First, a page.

Ohio train derailment: FEMA to deploy team to East Palestine 2 weeks after disaster
The Federal Emergency Management Agency is deploying federal assistance to Ohio now more than two weeks after the toxic Norfolk Southern train derailment that threatened the village of East Palestine.
Gov. Mike DeWine said the move came following further discussions with the agency.
In a joint statement on Friday, the governor and FEMA Regional Administrator Thomas Sivak said FEMA and Ohio had been in "constant contact" regarding emergency operations in the community.
"U.S. EPA and Ohio EPA have been working together since day one," they said. "Tomorrow, FEMA will supplement federal efforts by deploying a Senior Response Official along with a Regional Incident Management Assistance Team (IMAT) to support ongoing operations, including incident coordination and ongoing assessments of potential long term recovery needs."
This video screenshot released by the U.S. National Transportation Safety Board (NTSB) shows the site of a derailed freight train in East Palestine, Ohio, the United States. (NTSB/Handout via Xinhua and Getty Images)
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Previously, DeWine had tweeted that East Palestine did not qualify for FEMA assistance.
President Biden's administration has taken heavy criticism from residents for not approving a FEMA disaster declaration. The derailment does not meet the legal requirements for such a declaration, officials say.
"What East Palestine needs is much more expansive than what FEMA can provide," a Biden administration official told Fox News Digital. "FEMA is on the frontlines when there is a hurricane or tornado. This situation is different."
In a press conference earlier in the day, the governor said Ohio would set up a medical clinic there and that federal officials from the Department of Health and Human Services would also be on site.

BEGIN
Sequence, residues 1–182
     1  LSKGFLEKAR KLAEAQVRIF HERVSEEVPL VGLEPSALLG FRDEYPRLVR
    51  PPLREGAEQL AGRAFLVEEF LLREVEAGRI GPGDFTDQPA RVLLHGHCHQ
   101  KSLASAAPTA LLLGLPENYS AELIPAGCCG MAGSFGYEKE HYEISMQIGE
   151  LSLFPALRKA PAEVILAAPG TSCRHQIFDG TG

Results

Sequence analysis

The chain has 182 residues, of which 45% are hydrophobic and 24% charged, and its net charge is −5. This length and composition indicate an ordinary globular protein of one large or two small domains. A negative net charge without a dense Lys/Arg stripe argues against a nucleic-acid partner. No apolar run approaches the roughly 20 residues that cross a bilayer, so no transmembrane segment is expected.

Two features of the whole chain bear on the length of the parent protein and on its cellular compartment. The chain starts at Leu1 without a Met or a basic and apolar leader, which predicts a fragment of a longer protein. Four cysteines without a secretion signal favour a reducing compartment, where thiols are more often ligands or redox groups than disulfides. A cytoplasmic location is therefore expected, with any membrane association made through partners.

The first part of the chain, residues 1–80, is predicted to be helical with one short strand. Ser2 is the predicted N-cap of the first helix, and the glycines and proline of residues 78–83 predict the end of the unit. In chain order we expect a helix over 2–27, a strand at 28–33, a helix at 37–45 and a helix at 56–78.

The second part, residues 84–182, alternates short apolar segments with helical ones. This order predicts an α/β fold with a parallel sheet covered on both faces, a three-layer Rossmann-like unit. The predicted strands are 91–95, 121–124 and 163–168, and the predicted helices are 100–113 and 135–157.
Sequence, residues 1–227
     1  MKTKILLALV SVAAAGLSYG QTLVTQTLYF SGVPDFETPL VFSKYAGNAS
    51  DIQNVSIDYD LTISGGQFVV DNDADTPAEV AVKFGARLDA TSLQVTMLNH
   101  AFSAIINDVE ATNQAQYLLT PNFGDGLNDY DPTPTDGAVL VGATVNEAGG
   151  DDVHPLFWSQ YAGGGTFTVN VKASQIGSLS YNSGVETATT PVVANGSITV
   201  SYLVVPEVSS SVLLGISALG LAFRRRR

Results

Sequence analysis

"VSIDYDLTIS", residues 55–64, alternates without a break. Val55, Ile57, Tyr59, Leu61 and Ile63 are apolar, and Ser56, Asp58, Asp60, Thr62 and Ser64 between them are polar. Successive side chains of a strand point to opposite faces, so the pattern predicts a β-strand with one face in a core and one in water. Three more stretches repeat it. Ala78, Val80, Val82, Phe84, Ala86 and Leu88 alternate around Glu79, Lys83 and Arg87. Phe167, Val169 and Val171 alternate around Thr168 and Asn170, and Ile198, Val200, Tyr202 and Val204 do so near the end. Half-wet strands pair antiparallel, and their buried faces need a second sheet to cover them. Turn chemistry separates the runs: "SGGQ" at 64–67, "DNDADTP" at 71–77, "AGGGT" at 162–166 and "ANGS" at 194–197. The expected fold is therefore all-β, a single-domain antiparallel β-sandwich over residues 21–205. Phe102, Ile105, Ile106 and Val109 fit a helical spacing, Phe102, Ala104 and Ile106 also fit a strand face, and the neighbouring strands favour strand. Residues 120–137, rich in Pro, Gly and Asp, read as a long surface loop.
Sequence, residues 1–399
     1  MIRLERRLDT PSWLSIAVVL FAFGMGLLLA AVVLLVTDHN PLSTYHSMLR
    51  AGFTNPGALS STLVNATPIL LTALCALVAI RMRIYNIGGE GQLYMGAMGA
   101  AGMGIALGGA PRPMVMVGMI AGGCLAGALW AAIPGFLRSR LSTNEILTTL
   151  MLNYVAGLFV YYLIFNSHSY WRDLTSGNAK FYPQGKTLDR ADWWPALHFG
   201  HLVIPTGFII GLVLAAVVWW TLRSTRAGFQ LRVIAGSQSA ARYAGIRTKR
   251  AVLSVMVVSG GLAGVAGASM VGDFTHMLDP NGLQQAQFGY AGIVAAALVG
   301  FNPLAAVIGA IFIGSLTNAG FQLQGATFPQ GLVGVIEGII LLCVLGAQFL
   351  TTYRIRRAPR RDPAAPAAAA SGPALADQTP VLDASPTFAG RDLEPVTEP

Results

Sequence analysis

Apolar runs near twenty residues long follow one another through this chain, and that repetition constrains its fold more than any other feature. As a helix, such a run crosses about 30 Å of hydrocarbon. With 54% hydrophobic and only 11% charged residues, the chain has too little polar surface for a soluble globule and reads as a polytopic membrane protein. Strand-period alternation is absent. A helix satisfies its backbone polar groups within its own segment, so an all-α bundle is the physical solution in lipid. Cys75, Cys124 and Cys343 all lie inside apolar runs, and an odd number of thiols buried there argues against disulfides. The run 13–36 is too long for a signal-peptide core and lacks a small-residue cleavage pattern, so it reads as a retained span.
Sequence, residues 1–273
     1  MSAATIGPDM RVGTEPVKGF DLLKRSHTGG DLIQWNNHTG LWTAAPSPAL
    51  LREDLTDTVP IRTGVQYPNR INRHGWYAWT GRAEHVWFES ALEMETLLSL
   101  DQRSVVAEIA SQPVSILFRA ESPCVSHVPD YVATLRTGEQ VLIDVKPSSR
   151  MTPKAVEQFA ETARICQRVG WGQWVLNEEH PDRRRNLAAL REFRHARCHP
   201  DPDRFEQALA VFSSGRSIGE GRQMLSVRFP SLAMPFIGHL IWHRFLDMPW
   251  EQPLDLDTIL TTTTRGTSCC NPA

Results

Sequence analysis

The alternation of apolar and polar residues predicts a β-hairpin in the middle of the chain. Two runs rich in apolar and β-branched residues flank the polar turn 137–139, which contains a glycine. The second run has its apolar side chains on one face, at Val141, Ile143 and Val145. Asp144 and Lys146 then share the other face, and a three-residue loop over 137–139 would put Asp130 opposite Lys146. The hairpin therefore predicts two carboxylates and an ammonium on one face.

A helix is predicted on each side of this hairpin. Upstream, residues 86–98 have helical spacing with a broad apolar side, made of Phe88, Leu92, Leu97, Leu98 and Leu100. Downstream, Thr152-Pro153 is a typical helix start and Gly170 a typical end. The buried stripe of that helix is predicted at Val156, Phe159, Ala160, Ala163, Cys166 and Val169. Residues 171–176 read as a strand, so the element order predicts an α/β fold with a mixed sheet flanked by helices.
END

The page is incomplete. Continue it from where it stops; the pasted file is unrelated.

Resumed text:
Neil Figley, 28, holds his daughter, Harlie, 4, wait in line at the Norfolk Southern Assistance Center to collect a $1000 check and get reimbursed for expenses while they were evacuated following a train derailment prompting health concerns on Februa
"We know that the science says that East Palestine is safe, but we also know that residents are very worried," DeWine said. "They are asking themselves 'Is my headache just a headache? Or is it a result of the chemical spill? Are other medical symptoms caused by the spill?' Those are very legitimate questions and residents deserve answers."
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Twenty air monitors continue to be moved throughout East Palestine to monitor different locations, and are not detecting contamination from the derailment. Samples taken in 500 homes had found no detections of volatile organic compounds associated with the train derailment.
Municipal water in East Palestine was found to be safe to drink, but those who get water from private wells are encouraged to use bottled water until their water is tested.
Dean Logan, a worker at Pepsi, delivers cases of water for volunteers to distribute to residents on February 17, 2023 in East Palestine, Ohio. (Photo by Michael Swensen/Getty Images)
A total of 1.1 million gallons of contaminants and contaminated liquid have been removed from the immediate site and stockpiled for proper disposal. Furthermore, 8m350 cubic yards of contaminated soil have been taken from the immediate area of the derailment.
Sulphur Run should be avoided, as it remains contaminated. The remediation of the impacted area of the creek is expected to take time. Sulphur Run was dammed "very soon after the crash" so that contamination in that part of the creek does not flow into other waterways.
While the chemical plume of butyl acrylate in the Ohio River has dissipated, Cincinnati acted Friday to stop its intake.